Three Mile Island 40: Part One

The Three Mile Island Unit 2 reactor containment building (center) and cooling towers (left) as they appeared this morning, forty years after the accident and partial meltdown.  The Unit 1 reactor continues to generate electricity.  Its containment building can be seen along the lower left edge of the Pennsylvania Historical and Museum Commission marker.  Steam can be seen rising from the Unit 1 cooling tower on the far right (the second tower is hidden by the marker).

Forty years ago, at just about 4:01 A.M. on Wednesday, March 28, 1979, the Unit 2 reactor at the Three Mile Island Nuclear Generating Station on the Susquehanna River at Conewago Falls “scrammed”—the control rods automatically dropped into the reactor core to stop fission.  This occurred in response to the automatic opening of the “Pilot-Operated Relief Valve” (P.O.R.V.) on the pressurizer, a tank designed to prevent the boiling of water in the primary cooling system loop that transfers heat energy from the reactor core to the steam generator.  The P.O.R.V. activated when steam in the top of the pressurizer tank was compressed by water that was expanding as it increased in temperature while circulating within the primary cooling system loop.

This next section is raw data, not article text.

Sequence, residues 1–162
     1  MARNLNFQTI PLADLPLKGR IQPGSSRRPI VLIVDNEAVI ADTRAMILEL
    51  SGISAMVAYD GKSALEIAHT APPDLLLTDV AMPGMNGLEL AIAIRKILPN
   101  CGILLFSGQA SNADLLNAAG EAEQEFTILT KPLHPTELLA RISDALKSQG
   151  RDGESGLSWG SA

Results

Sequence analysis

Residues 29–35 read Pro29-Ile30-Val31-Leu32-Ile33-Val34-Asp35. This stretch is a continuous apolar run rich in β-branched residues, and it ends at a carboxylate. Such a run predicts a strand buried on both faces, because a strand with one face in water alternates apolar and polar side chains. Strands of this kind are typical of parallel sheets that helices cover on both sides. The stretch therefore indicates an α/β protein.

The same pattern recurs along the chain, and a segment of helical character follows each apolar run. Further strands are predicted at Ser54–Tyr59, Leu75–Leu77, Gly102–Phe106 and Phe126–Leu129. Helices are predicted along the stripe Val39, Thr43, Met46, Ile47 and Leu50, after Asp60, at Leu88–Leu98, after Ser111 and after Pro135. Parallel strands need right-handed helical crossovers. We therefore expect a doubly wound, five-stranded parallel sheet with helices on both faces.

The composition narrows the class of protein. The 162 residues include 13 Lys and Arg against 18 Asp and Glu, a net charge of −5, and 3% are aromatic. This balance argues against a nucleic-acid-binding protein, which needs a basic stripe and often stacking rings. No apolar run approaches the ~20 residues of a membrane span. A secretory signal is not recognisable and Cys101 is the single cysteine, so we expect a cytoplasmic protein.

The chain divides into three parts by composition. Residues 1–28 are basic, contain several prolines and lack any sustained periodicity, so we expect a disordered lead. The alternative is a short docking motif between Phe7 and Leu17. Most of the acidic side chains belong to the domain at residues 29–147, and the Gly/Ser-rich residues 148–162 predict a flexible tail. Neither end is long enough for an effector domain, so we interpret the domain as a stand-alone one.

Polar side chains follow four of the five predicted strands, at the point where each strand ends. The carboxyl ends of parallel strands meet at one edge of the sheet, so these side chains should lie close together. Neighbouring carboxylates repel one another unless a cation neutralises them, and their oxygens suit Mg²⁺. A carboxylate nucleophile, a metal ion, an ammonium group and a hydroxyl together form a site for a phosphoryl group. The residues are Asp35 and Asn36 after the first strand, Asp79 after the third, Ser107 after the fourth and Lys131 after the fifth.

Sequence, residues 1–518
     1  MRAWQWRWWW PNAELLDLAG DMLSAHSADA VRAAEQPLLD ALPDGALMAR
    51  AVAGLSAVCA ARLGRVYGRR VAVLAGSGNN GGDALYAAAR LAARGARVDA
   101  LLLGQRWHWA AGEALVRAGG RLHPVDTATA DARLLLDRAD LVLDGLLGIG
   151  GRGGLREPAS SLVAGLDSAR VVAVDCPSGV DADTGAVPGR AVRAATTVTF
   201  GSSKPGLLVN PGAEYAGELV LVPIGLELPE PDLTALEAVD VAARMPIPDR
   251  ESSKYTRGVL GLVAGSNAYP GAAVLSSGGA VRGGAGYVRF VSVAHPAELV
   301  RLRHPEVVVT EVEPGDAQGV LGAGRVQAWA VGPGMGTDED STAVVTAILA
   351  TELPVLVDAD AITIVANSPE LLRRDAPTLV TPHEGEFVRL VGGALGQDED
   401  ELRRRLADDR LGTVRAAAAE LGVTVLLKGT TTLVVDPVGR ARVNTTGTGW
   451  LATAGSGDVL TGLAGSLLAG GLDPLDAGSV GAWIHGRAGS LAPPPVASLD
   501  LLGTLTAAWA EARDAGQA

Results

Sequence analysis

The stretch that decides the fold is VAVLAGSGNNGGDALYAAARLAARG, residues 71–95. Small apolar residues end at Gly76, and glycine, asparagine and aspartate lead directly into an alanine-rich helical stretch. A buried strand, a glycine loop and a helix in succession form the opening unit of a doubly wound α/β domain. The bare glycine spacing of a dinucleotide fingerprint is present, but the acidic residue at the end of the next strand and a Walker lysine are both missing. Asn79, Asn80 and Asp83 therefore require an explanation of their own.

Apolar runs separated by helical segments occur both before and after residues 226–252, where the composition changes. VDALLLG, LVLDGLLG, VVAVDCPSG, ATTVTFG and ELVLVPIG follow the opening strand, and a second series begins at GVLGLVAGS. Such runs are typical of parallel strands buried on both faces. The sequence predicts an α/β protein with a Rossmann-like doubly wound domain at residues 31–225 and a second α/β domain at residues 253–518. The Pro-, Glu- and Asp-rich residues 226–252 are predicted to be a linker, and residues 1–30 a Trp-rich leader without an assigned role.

During normal operating conditions, water in a non-nuclear “secondary loop” is pumped through tubes within the steam generator where it absorbs energy from the hot water in the primary cooling system loop.  The heat converts the water in the “secondary loop” to steam for turning the steam turbine and making electricity.  At about 36 seconds after 4:00 A.M., a set of pumps “tripped” and stopped feeding water through the “secondary loop” to the steam generator.  Within seconds, Unit 2 ceased making electricity.   Starting automatically as a failsafe were a set of three “emergency feedwater pumps”, designed to reestablish water flow to the steam generator.  A reactor operator verified their start just fourteen seconds after the main pumps “tripped”.  Unfortunately, the operator did not notice the panel lights indicating that valves were closed on each of the two lines supplying the steam generator from the emergency pumps.  With the “secondary loop” shut down, heat from fission in the reactor core began accumulating within the steam generator and the primary cooling system loop, leading to the P.O.R.V. activation, and the reactor’s “scramming”.  The “scram” triggered control rods to drop in 69 tubes among the 36,816 uranium oxide fuel rods to absorb neutrons and stop the chain reaction fission process in the core of Unit 2.